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Antibiotics 2014, 3(4), 677-693; doi:10.3390/antibiotics3040677

The Role of Cationic Polypeptides in Modulating HIV-1 Infection of the Cervicovaginal Mucosa

Burnett School of Biomedical Sciences, University of Central Florida College of Medicine, 4110 Libra Drive Building 20, Room 236, Orlando, FL 32816, USA
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Received: 3 September 2014 / Revised: 17 September 2014 / Accepted: 13 November 2014 / Published: 26 November 2014
(This article belongs to the Special Issue Antimicrobial Peptides)
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Abstract

The mucosa and overlying fluid of the female reproductive tract (FRT) are portals for the heterosexual transmission of HIV-1. Toward the ongoing development of topically applied microbicides and mucosal vaccines against HIV-1, it is evermore important to understand how the dynamic FRT mucosa is involved in controlling transmission and infection of HIV-1. Cationic peptides and proteins are the principal innate immune effector molecules of mucosal surfaces, and interact in a combinatorial fashion to modulate HIV-1 infection of the cervix and vagina. While cationic peptides and proteins have historically been categorized as antimicrobial or have other host-benefitting roles, an increasing number of these molecules have been found to augment HIV-1 infection and potentially antagonize host defense. Complex environmental factors such as hormonal fluctuations and/or bacterial and viral co-infections provide additional challenges to both experimentation and interpretation of results. In the context of heterosexual transmission of HIV-1, this review explores how various cationic peptides and proteins participate in modulating host defense against HIV-1 of the cervicovaginal mucosa. View Full-Text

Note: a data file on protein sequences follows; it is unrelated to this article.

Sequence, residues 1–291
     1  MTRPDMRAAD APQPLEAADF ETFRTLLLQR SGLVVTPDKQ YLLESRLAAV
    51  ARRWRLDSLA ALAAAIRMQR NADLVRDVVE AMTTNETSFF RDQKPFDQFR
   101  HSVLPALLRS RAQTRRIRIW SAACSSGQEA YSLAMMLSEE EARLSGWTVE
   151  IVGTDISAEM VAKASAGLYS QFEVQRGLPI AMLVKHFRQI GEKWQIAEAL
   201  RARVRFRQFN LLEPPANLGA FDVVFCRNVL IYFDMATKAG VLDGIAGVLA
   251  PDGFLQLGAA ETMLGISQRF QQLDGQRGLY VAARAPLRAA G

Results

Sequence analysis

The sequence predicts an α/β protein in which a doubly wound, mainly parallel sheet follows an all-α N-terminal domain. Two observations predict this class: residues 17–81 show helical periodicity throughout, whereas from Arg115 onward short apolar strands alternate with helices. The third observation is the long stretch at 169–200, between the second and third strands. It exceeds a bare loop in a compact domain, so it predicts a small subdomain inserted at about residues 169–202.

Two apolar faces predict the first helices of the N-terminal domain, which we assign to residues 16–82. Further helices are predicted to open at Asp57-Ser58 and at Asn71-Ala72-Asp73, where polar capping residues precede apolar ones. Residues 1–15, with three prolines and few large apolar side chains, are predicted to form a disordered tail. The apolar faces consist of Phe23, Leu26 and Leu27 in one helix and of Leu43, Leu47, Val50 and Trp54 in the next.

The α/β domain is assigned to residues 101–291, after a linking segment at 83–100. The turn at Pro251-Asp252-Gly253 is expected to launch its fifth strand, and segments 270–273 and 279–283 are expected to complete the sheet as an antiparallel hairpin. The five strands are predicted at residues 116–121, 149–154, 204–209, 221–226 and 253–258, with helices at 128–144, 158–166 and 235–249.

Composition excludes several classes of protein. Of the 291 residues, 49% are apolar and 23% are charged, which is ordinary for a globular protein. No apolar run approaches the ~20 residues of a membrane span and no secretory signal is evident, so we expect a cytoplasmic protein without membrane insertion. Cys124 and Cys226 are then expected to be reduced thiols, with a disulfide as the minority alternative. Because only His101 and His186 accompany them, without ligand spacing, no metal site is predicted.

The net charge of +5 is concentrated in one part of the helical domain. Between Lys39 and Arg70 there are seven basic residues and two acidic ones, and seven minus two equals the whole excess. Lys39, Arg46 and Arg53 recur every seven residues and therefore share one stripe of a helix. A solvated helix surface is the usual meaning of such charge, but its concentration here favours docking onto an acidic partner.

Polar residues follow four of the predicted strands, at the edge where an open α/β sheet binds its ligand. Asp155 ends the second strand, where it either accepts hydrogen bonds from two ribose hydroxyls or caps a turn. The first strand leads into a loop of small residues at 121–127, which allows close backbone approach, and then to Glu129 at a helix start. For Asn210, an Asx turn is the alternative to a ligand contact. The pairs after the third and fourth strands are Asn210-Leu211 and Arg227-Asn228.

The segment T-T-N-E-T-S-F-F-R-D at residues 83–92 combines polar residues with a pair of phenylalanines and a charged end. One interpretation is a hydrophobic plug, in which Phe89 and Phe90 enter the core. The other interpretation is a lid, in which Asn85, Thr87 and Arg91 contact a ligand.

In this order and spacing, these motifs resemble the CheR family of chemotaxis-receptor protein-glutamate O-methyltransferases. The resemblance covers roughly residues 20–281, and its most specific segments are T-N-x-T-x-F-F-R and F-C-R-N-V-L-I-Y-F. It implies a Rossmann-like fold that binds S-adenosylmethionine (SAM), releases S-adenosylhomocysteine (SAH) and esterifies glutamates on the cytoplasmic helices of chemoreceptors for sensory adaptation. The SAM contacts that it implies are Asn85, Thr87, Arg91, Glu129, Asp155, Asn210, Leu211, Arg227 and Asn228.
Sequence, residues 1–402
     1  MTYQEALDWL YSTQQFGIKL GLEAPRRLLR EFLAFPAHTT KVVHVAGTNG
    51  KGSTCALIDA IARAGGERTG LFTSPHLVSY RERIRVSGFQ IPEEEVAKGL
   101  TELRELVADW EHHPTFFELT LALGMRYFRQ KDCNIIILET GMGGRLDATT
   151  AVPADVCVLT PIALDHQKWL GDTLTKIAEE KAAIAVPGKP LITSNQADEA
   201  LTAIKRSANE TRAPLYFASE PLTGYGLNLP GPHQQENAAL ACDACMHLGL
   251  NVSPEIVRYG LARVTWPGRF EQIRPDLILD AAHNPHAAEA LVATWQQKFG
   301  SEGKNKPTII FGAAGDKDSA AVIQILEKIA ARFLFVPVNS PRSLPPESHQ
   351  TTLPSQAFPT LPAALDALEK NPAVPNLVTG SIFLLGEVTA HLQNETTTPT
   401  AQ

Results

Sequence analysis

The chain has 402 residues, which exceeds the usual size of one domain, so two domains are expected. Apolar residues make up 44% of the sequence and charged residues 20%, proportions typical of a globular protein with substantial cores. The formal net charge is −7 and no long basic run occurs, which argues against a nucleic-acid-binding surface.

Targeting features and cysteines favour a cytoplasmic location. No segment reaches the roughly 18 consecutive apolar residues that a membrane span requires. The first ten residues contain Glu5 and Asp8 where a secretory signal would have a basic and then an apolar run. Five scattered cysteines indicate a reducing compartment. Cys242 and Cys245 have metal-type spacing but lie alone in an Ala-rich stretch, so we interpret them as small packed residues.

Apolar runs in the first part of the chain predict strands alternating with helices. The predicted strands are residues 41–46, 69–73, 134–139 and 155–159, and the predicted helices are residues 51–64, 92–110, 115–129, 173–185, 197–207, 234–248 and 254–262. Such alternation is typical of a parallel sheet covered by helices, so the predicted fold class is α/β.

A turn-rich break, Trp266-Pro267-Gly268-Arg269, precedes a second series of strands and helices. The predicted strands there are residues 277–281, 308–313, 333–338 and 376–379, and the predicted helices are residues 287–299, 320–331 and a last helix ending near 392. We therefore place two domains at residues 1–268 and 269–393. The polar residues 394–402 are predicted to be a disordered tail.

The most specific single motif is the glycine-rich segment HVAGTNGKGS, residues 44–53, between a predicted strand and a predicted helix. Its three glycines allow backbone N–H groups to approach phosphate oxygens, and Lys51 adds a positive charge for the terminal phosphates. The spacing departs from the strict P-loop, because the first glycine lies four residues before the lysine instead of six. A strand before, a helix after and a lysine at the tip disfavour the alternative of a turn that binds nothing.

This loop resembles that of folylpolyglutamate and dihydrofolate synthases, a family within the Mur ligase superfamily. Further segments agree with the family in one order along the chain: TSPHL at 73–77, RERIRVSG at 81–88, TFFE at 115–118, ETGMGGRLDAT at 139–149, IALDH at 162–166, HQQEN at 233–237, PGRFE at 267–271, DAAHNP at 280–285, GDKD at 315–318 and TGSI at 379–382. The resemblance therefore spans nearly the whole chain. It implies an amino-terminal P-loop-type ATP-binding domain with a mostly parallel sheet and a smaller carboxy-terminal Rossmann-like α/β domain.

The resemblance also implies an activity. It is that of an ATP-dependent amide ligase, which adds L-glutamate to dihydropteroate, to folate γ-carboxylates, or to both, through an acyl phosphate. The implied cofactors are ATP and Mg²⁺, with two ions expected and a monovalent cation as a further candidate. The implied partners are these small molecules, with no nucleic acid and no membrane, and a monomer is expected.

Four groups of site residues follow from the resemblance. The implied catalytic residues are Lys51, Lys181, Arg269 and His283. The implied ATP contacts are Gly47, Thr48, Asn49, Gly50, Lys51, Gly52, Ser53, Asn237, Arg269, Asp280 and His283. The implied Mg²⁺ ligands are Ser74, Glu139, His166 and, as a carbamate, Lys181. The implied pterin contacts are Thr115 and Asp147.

Keywords: HIV-1; cationic; antimicrobial; peptide; protein; cervix; vagina; mucosa HIV-1; cationic; antimicrobial; peptide; protein; cervix; vagina; mucosa
This is an open access article distributed under the Creative Commons Attribution License which permits unrestricted use, distribution, and reproduction in any medium, provided the original work is properly cited. (CC BY 4.0).

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MDPI and ACS Style

Cole, A.L.; Cole, A.M. The Role of Cationic Polypeptides in Modulating HIV-1 Infection of the Cervicovaginal Mucosa. Antibiotics 2014, 3, 677-693.

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